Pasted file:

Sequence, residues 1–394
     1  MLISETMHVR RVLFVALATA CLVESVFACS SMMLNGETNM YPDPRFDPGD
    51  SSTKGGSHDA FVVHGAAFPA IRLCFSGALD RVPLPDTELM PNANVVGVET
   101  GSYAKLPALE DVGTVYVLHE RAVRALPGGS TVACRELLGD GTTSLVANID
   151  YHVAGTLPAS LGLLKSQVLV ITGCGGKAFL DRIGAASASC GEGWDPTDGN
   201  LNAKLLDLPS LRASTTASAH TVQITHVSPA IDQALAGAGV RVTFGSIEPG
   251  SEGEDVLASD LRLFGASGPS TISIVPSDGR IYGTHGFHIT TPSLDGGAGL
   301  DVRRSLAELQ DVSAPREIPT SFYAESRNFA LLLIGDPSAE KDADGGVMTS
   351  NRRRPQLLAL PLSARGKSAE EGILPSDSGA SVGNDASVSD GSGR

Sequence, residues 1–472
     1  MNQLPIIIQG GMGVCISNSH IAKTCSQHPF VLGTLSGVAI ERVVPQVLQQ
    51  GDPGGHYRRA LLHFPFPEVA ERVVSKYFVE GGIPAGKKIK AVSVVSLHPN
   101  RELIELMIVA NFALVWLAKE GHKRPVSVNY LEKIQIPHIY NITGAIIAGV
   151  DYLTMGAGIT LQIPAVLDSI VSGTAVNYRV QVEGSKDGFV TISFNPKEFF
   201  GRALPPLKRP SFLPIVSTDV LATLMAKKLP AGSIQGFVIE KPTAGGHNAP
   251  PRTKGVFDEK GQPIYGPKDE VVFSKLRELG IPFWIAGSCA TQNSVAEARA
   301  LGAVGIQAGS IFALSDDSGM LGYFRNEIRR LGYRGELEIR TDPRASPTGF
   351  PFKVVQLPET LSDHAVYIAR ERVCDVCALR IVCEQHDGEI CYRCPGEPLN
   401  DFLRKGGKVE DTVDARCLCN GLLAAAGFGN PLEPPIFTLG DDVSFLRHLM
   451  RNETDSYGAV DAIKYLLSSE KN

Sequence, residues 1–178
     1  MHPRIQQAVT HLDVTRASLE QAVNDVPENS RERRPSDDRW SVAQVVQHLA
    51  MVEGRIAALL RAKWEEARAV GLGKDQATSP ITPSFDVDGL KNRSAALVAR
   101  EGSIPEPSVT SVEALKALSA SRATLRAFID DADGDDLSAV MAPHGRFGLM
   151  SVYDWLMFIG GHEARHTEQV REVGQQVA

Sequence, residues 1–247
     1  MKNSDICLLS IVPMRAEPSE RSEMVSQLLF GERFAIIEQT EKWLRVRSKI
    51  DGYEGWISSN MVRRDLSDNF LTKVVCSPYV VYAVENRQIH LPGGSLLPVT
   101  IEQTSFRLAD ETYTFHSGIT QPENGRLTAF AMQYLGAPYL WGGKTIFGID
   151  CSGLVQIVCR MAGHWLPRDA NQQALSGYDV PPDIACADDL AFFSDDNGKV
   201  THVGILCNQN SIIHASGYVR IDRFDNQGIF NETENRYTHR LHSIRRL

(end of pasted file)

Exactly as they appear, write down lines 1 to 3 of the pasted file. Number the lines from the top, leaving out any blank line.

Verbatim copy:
Sequence, residues 1–394
     1  MLISETMHVR RVLFVALATA CLVESVFACS SMMLNGETNM YPDPRFDPGD
    51  SSTKGGSHDA FVVHGAAFPA IRLCFSGALD RVPLPDTELM PNANVVGVET